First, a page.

● Which party provides the bulk of the care for the pet, such as taking the pet on walks and cleaning up after potty time.

● Whether there are children in the home, and, if so whether the animal has formed an attachment with the kids.

● Which party is in the best position to provide food, shelter, and any medical needs that may arise.

We understand the emotional attachment to pets, and also how your children can be affected when a pet is no longer in the home. Perhaps the best explanation as to why Courts consider typically “human” elements, such as who is close to the pet, when deciding pet custody issues is that the decision impacts family members as well. Because the Courts consider the best interest of your children when making decisions about child custody, it is possible that an issue about pet custody overlaps. Let our trained family law professionals help you resolve all of the issues of your divorce, including what happens to the family pet.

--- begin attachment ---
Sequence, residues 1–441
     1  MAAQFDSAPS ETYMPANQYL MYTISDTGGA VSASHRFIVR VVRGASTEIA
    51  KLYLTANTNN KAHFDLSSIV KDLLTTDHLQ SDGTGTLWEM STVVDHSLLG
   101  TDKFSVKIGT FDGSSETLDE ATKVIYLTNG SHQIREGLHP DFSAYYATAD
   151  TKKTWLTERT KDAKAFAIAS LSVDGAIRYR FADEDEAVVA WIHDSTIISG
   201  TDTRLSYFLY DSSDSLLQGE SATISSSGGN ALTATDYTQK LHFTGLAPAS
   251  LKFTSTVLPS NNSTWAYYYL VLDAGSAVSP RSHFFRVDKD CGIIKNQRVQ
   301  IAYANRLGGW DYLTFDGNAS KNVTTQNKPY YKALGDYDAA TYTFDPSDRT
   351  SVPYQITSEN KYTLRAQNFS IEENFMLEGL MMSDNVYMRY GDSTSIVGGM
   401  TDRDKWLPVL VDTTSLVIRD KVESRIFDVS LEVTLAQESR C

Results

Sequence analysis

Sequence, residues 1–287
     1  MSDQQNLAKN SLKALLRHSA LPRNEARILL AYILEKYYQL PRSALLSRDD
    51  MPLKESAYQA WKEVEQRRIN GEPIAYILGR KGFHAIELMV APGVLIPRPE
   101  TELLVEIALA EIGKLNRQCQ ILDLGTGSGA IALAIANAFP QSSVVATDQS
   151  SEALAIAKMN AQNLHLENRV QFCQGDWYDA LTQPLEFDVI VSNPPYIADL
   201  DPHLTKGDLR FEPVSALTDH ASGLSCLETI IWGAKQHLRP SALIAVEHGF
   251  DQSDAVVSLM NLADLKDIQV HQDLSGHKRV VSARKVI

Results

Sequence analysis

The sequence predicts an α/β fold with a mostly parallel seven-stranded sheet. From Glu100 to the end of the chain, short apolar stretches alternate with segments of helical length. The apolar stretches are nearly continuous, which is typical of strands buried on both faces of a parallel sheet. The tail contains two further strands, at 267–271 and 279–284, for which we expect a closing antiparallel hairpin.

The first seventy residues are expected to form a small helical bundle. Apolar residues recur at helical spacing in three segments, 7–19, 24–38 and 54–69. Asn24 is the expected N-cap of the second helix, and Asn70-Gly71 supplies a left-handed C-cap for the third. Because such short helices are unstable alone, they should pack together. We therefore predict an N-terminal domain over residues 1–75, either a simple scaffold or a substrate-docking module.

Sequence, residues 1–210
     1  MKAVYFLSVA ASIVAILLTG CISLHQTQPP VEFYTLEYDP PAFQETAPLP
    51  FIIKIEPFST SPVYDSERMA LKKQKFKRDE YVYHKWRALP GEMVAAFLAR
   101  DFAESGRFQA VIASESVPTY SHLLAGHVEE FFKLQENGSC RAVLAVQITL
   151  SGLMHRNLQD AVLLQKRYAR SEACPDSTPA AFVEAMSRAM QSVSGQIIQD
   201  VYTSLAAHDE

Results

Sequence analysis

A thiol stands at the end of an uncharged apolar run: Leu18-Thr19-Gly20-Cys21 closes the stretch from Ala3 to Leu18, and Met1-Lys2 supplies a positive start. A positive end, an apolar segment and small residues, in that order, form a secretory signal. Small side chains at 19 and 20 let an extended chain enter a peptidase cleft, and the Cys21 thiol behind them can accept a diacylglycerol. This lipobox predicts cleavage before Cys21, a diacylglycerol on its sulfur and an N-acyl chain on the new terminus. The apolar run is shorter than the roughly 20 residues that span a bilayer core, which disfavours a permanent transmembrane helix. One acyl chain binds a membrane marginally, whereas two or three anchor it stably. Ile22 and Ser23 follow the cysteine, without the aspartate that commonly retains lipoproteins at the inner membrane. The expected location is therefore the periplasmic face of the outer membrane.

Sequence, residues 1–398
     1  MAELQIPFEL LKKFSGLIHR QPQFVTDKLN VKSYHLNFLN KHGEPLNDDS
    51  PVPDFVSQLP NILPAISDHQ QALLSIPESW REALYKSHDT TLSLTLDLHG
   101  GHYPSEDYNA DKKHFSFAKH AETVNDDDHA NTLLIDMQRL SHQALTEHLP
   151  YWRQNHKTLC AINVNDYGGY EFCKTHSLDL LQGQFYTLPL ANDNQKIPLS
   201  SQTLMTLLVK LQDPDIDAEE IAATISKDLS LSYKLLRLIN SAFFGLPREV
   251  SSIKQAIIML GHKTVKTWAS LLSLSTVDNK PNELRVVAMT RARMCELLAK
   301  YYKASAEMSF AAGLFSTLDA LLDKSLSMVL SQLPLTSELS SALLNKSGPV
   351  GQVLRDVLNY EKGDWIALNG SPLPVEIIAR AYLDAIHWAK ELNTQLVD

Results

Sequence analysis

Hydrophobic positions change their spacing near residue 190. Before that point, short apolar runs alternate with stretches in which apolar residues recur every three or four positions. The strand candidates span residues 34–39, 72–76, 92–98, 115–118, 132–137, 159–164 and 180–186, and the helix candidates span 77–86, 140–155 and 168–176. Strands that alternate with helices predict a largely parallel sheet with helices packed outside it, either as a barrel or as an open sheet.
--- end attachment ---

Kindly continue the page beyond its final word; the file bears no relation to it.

For answers to your questions about pets and divorce, consult our office. Put our valuable experience to work for you. Call The Sampair Group in Phoenix and the West Valley today to schedule your appointment.